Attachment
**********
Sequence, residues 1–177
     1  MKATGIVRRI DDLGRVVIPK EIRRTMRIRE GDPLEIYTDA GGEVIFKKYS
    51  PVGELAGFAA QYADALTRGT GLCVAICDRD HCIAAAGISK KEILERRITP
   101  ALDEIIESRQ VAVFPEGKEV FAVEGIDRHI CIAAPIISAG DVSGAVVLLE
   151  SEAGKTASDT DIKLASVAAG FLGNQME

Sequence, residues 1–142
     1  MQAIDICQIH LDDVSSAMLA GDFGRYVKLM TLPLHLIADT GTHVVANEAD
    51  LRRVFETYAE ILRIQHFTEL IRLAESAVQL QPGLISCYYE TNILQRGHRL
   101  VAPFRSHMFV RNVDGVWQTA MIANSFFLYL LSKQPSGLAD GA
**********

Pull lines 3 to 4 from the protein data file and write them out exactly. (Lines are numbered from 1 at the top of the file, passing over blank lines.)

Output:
    51  PVGELAGFAA QYADALTRGT GLCVAICDRD HCIAAAGISK KEILERRITP
   101  ALDEIIESRQ VAVFPEGKEV FAVEGIDRHI CIAAPIISAG DVSGAVVLLE